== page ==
Greg Hahn opens Mischief in the U.S. with Canadian agency No Fixed Address
Less than two months after former BBDO New York Chief Creative Officer Greg Hahn was laid off from the agency, he has a new home. Hahn has teamed up with independent Canadian agency No Fixed Address to open Mischief @ No Fixed Address, the company’s first outpost in the U.S., based in New York City.
Hahn is a well-regarded creative leader who served for 15 years at BBDO, steering the agency on groundbreaking work for clients including Fedex, Sandy Hook Promise, HBO, AT&T and more. Prior to that he worked at Fallon Minneapolis on iconic campaigns like “BMW Films” and EDS’ “Cat Herders.”
He departed BBDO in mid-April, alongside exec VP-Director of Integrated Production Dave Rolfe, following Omnicom Chairman-CEO John Wren’s announcement that furloughs and layoffs would be imminent across all the holding company’s shops. The news came as a shock to the industry, representing one of the pandemic’s highest-profile blows to the creative community.
Following the layoff, Hahn says he spoke with all kinds of companies—“everyone from platforms and tech to in-house, to holding companies,” he says. But what remained foremost in his mind was, “What is the model that would worry me? As a holding company you’re in a system that is under fire from every side—from the top, from the side, from other agencies, from clients. The walls felt like they were crashing in on that model. I thought the one model that seems free from that would be very nimble, creatively focused, very tied to making things—that actually had the talent.”
That’s what he found in No Fixed Address, a name he says kept popping up on LinkedIn while he was doing research.
The independent agency was founded three and a half years ago in Toronto by Canadian agency veterans Serge Rancourt and Dave Lafond, who previously spent more than a decade building the Publicis brand there. No Fixed Address espouses a talent-focused philosophy and eschews cumbersome overhead, complex processes, silos, fixed hours and inflexible compensation models. The shop was honored in Ad Age’s Small Agency Awards in 2018 and 2019, earning both Agency of the Year and Campaign of the Year nods.
No Fixed Address started with about a dozen people but is now 150-strong, with more than 47 clients, including AB Inbev, LIttle Caesars, Questrade, Dairy Farmers of Ontario, J.P. Wiser’s and Mattamy Homes. And it continues to grow, even during the pandemic—since mid-March, the agency has added 15 staffers, with zero cuts.
“The company was doing what everyone’s been trying to figure out for the last three years—flexibility to work in ways that make people happy, not being tied to a specific payment structure, transparency with clients, being nimble—all the things people are talking about now during COVID,” Hahn says. “They were way ahead of the game.”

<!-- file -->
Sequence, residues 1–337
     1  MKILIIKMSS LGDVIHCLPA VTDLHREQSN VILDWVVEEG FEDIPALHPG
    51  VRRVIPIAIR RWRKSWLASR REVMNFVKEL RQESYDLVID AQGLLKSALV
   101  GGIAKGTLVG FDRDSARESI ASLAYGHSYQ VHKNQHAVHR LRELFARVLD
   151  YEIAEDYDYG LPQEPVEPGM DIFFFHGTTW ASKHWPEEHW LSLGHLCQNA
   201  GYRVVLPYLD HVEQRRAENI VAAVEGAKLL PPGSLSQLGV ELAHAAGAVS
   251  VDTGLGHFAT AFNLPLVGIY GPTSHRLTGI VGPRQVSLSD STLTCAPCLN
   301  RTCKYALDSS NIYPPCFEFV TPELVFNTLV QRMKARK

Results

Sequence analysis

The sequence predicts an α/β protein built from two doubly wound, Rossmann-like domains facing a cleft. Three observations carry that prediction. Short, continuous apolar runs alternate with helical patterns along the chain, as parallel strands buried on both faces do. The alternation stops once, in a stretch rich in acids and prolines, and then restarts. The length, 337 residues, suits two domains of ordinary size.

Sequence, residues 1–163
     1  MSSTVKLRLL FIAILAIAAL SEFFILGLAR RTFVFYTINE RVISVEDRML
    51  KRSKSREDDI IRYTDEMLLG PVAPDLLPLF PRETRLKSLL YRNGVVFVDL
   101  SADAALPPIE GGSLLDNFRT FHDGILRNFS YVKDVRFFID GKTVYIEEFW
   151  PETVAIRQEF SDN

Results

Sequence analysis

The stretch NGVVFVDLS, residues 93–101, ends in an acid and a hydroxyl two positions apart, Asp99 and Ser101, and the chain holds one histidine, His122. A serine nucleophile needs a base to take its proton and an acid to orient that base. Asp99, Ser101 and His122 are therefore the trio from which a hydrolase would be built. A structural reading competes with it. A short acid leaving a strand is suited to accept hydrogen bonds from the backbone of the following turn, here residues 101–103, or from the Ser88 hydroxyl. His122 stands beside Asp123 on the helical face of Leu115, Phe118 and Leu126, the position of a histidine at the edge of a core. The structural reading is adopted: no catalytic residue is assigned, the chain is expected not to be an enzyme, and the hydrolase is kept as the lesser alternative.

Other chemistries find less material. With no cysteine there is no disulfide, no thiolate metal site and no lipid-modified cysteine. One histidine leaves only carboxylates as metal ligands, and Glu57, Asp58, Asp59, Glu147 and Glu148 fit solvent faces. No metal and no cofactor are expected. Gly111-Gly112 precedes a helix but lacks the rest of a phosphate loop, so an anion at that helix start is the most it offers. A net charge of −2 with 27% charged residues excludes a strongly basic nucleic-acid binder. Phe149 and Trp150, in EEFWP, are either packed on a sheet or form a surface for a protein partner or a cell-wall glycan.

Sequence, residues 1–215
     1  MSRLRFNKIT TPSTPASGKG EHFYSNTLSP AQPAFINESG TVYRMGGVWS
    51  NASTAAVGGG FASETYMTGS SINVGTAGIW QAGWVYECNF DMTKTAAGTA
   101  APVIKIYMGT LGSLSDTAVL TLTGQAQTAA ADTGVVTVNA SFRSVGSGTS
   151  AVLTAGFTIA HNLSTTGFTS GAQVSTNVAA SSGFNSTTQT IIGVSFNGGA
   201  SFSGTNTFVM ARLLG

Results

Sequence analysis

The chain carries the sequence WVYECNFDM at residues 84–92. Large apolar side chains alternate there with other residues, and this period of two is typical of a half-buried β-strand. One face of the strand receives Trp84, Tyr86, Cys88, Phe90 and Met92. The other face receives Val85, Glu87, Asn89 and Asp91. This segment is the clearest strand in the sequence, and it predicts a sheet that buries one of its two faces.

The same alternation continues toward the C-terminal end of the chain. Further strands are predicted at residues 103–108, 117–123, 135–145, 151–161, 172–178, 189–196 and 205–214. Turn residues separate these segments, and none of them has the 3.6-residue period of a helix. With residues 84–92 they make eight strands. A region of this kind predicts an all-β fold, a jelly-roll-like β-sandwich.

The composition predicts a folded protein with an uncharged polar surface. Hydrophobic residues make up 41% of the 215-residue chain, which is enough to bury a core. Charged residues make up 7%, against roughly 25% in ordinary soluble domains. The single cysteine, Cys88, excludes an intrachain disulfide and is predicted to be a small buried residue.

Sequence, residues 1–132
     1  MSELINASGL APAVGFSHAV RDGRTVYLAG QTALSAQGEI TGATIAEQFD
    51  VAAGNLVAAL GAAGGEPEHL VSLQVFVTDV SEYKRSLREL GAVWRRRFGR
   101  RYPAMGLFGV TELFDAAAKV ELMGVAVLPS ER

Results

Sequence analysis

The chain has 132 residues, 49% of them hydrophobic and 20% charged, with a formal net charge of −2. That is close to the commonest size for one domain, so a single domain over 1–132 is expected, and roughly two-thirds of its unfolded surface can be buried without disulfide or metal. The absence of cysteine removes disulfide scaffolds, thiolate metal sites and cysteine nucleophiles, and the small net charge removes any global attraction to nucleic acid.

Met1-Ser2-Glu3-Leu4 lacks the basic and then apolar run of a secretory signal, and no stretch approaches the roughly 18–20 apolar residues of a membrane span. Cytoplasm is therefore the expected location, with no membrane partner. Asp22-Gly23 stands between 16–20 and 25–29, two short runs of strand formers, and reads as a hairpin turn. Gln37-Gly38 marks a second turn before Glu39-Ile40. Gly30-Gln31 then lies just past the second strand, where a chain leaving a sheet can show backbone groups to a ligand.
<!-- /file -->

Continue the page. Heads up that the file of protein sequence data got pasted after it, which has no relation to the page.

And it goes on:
Hahn says he was the one to make the first call but it also so happened that No Fixed Address had already been entertaining the idea of opening in the U.S. “We had a few client assignments in the U.S. and a pretty big pitch in the fall of last year," says Co-founder and CEO Lafond. “We got pretty far along and we felt, 'OK, we can’t just be a Canadian agency pitching in U.S. cities. We’re going to need top talent.' Greg became the solution to an opportunity we were trying to create for ourselves.”
When the agency officially (albeit metaphorically) opens its doors on June 1, it will have five U.S. staffers. Hahn will be a co-founder and creative lead, and former MullenLowe U.S. Senior VP-Group Account Director Kerry McKibbin will serve as president. McKibbin had previously worked with Lafond at Publicis in Toronto for six years.
Hahn says Mischief @ No Fixed Address will aim to bring to advertising what’s on the company’s shingle. “I like the idea of ‘mischief’ because when someone does something mischievous it knocks you out of your traditional ways of thinking,” he says. Such thinking is even evident in the shop's PR shot, a stuffy stock image of a group of senior, white men in a boardroom, which Hahn says represents “everything we are not.”
While his hope is that the work will be varied, creative excellence will be paramount, Hahn says. “I like to work in a lot of different styles, but I feel there should be a bar that everything rises to, whether it’s comedy, or stuff that’s more thought-provoking like Sandy Hook. Whatever the brief, we will do work that feels like it comes from the same place but doesn’t feel like it’s the same voice.”
Mischief @ NFA has already got work a project for Kraft Heinz. “The goal is to do big, brand work—work that people see,” Hahn says. “I didn’t want to just start a small boutique, with just a couple people doing local stuff. I really want to do work that makes an impact on a big scale.” More talent will be added, but for now Hahn has been working with the Toronto-based team and has even tapped some former BBDO co-workers who also recently lost their jobs.
As for any concerns about opening up during the crisis, the Mischief @ NFA founders say they are focused on the opportunity. “I’d have reservations about any other model, but these guys are thriving and have a company that was built for this time,” Hahn says.
“We sort of feel we had our COVID moment three and a half years ago when we launched,” Lafond adds. “We started from scratch [without] all the complicated stuff we grew up in—just the freedom. Four years later, we’re going, 'Thank God.' We can pretty much hire someone on a Zoom screen now.”